The mobility question – more precisely anxieties of having European researchers and students amidst us – has to be interpreted in this context. This should not be seen as a question of wanted or unwanted migrants, but a matter of removing barriers to movements and collaborations that enable the highest quality and most necessary research to be undertaken. If national borders get in the way of the geographies that best deliver research excellence, in turn helping the UK to maintain the very fortunate position in the world that it enjoys, then solutions must be found accordingly. The other day I heard the head of a major national research trust say that 30 years ago UK research seemed parochial compared to today, thanks largely to the embedded cosmopolitanism that has been facilitated by EU research opportunities and infrastructures. I agree. Migration anxieties, if they end up hindering full membership of EU research programmes, will fracture a mode of working that has yielded an academic cosmopolitanism in the UK that is enviable.

Why kill off the goose that laid the golden egg? Sustaining participation in EU research programmes poses no threat to the UK developing further international collaborations, as some seem to think. In fact, as Crouch argues, it is the basis for developing new connections, in so far as the EU-supported research environment in the UK has played its part in attracting researchers from India, China, the US and other parts of the world to the UK. If Brexit means the end of European research participation and collaboration, the wider globalism spoken of by the government will be at risk, for there will be no transnational framework for collaborative research, and in the meantime the attractiveness of the UK research base will have waned. Globalism without Europe seems odd in any case, suggesting that ‘Anglosphere’ aspirations premised on renewing old colonial and commonwealth ring truer of old imperial fantasies (which our past dominions will find risible) than of a genuine desire to extend the frames of cosmopolitan belonging that Europe – at least in the research arena – has nurtured. Mycock and Wellings are right to be wary of this version of globalism championed by Brexiteers anxious of the charge of nativism.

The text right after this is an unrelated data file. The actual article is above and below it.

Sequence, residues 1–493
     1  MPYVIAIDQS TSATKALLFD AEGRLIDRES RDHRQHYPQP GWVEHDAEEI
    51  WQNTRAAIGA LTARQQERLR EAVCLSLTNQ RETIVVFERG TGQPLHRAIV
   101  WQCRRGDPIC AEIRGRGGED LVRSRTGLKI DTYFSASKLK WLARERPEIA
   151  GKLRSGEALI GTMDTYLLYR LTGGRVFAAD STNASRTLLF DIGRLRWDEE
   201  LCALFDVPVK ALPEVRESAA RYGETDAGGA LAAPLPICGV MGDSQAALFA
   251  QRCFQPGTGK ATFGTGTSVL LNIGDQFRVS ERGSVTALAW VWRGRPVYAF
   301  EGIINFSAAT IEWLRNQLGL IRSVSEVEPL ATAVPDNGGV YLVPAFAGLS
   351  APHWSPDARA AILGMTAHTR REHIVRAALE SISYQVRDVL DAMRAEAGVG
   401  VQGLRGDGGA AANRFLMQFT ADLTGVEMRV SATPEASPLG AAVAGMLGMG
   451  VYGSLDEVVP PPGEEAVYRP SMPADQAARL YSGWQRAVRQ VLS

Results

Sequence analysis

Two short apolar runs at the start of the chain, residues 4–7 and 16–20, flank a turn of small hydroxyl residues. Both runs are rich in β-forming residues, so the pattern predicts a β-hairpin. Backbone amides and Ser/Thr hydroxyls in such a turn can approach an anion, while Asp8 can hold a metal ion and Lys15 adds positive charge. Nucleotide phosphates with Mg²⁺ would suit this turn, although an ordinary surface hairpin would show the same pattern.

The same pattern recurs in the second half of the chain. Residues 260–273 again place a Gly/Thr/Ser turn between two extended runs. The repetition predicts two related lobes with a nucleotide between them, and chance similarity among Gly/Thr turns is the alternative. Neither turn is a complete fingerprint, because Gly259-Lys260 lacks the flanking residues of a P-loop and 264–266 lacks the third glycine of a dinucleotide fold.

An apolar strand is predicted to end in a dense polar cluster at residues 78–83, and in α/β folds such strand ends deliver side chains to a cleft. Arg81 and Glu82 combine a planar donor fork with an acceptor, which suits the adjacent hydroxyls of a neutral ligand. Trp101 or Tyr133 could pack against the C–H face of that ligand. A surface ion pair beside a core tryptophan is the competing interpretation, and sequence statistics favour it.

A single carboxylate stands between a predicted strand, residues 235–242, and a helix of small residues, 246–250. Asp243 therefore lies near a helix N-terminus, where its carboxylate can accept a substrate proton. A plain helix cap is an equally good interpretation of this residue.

In place of such ethnocentrisms, let us ask how the research excellence that the UK has so arduously built up, with the help of incentives from appropriate EU research funding programmes, can be maintained and protected. Then – as Robert Frost reveals for the early moderns, when Europeans got used to making compromises and bargains instead of obsessing with the purities of the unitary state, national or otherwise – we might get past the conundrum of EU membership without mobility. A pragmatic Europe might consider making deals on migration packages spread across a credible time horizon so as to help member and affiliated states to better manage national labour and welfare markets, it might puncture any paranoia about national cultural loss and reduced sovereignty, and it might look to forms of belonging beyond the unitary state. At the charged present time, this kind of thinking seems fanciful. Perhaps so, but this is the kind of switch needed to nurture the republic of letters that helps nations to negotiate turbulent waters.

1. Brexit means…? The British Academy’s Priorities for the Humanities and Social Sciences in the Current Negotiations (British Academy, November 2017).